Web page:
the man does positive work and gravity does negative work of equal magnitude. Thus resulting in zero net work on the box.
     
  11. Nov 19, 2009 #10

    berkeman

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    No, srmeier, that is just plain incorrect. I don't want to give too much away here in this thread, because we will end up answering the OP's question for him. We should probably carry this on via PM. So PM me what the delta-PE is for the box in the movement described above, and tell me where that change in potential energy came from. Thanks.
     
  12. Nov 19, 2009 #11
    Ok I am getting two different answers and it is just confusing me. This is what I did for 1 a)
    W=Fs
    W=(215N)(4.20m)
    W=903Nm or J

    1 b)
    W=Fs
    W=(-215N)(4.20m)
    W=-903Nm or J

    These are both the final answers in the book, however I am still confused about what we do with the horizontal 6.80m.
     
  13. Nov 19, 2009 #12
    Question 2
    W=Fs(costheda)
    W=(200N)(25.0m)(cos25.0degrees)
    W=4531 N

    This is incorrect though.. I don't know.. This is just frustrating me now. They don't give examples for this in the book.
     
  14. Nov 19, 2009 #13

    berkeman

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    Good. There is no force opposing the horizontal motion, so there is no work done horizontally in this problem.
     
  15. Nov 19, 2009 #14

    berkeman

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    Hint -- if he pushes 25m total at an angle of 25 degrees, what is the total vertical displacement?
     
  16. Nov 19, 2009 #15
    I don't know how to get the vertical.. There is no example.

    Would I use trig to find the vertical? hypotaneuse being 25, inside angle being 25, and figure out the opposite side(vertical)?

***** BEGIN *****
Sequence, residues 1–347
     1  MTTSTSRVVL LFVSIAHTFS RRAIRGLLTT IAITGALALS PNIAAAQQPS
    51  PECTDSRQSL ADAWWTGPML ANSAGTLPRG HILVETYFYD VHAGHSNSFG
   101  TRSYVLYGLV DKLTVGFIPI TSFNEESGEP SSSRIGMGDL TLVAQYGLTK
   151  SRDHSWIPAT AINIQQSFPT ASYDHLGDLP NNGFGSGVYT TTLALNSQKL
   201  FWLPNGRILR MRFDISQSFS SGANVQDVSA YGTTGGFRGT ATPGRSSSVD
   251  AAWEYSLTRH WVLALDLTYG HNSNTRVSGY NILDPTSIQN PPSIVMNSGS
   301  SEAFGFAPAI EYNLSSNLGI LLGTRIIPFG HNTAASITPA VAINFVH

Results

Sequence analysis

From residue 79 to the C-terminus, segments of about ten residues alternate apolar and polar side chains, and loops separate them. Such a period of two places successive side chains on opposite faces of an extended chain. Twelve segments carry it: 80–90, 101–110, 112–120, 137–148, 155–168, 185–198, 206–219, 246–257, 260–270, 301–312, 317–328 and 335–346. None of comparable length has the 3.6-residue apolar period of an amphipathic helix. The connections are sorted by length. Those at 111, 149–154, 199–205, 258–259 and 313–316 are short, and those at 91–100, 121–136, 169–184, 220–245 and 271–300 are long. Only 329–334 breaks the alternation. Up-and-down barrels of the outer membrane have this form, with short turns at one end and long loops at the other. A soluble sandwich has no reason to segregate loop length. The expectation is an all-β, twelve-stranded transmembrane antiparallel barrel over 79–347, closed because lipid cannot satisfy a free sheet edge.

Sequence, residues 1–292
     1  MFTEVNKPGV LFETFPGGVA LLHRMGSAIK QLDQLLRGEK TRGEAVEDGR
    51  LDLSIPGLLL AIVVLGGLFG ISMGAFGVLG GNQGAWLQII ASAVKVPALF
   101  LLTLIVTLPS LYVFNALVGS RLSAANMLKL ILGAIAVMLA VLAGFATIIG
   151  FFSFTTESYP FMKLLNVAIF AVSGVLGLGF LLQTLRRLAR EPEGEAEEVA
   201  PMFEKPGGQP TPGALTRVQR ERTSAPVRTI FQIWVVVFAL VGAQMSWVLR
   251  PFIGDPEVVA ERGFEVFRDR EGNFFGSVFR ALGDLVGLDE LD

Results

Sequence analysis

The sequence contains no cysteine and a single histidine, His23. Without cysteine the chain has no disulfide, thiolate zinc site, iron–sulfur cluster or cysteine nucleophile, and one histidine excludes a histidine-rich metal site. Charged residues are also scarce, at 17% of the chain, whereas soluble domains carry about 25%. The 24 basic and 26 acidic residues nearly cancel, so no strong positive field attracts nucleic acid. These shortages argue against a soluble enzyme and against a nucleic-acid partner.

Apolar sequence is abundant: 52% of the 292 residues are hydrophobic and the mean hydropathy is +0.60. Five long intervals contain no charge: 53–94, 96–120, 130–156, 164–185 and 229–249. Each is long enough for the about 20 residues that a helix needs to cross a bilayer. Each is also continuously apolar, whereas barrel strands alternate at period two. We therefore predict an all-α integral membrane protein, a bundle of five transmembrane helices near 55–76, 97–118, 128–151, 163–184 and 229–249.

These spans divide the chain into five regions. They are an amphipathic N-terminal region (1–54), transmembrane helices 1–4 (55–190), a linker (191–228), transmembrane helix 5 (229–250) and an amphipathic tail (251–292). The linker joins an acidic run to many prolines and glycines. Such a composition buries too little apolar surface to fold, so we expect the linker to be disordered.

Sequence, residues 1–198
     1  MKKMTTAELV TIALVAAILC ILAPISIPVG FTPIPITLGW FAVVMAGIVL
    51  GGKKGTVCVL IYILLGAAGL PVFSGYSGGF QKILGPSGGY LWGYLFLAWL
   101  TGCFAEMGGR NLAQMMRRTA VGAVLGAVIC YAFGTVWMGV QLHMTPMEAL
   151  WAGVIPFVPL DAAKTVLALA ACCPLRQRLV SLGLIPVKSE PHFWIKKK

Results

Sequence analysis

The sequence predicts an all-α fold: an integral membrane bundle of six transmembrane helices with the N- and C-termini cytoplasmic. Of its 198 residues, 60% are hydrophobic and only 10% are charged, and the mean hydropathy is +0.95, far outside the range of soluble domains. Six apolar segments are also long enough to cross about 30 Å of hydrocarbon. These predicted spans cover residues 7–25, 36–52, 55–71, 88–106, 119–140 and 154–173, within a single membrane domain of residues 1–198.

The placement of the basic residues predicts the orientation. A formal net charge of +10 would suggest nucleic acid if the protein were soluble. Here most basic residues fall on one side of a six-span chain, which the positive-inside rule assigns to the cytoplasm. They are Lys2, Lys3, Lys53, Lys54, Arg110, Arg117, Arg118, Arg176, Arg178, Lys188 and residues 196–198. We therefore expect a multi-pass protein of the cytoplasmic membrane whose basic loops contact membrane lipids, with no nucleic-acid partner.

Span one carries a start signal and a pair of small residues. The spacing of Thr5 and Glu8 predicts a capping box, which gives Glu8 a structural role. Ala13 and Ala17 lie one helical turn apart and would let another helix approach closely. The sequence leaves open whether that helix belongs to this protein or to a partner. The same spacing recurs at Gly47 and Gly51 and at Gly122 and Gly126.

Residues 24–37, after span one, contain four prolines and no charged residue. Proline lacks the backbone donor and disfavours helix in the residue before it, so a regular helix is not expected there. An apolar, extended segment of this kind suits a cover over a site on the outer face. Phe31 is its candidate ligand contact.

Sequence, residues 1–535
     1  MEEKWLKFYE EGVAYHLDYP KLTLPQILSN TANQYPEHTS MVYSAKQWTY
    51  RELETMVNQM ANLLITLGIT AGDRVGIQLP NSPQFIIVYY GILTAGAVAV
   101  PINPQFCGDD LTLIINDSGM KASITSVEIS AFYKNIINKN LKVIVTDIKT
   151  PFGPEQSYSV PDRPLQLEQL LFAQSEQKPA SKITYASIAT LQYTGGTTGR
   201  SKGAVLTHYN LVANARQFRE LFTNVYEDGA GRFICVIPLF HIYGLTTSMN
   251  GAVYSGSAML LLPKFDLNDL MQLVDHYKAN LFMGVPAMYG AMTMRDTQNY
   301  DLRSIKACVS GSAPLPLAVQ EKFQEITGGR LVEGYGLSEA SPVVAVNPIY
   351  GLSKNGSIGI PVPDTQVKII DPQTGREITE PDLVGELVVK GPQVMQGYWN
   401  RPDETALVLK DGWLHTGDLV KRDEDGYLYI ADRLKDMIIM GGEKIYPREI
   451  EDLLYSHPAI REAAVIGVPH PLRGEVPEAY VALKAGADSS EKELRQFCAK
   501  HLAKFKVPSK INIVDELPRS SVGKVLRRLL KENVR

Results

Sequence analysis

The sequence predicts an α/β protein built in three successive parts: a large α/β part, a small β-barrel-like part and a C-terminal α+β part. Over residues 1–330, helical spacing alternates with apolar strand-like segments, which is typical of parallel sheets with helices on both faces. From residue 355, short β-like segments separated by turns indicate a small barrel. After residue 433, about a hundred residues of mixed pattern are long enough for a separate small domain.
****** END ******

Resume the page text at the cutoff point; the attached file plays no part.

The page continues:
17. Nov 19, 2009 #16

    berkeman

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    Yep.
     
  18. Nov 19, 2009 #17
    I got 10.25m for the vertical..

    I popped that in the W=Fs and W=FsCostheda equations but I still don't get 10 700J.
     
  19. Nov 19, 2009 #18

    berkeman

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    Yeah, not sure why that isn't giving the answer they provide. Does the problem say anything else? Is it copied into your post correctly?
     
  20. Nov 19, 2009 #19
    I must dispute berkeman's method.

    "A laborer pushes a wheel barrow weighing 200N at 25.0 degrees above the horizontal. If he pushes it a distance of 25.0m, how much work is done?"

    He is pushing the wheel barrow in the horizontal direction (not up an incline). the vertical displacement is zero. Although, the man does do work.

    (note: even with my changes the answer isn't 10,700J. Also, if the wheel barrow weighted twice as much and had a vertical displacement of 25m the work done by gravity still wouldn't reach 10,700J. Please check your book.)
     
    Last edited: Nov 19, 2009
  21. Nov 19, 2009 #20
    I got 4300J. It does say 10700J in book. It is mistake.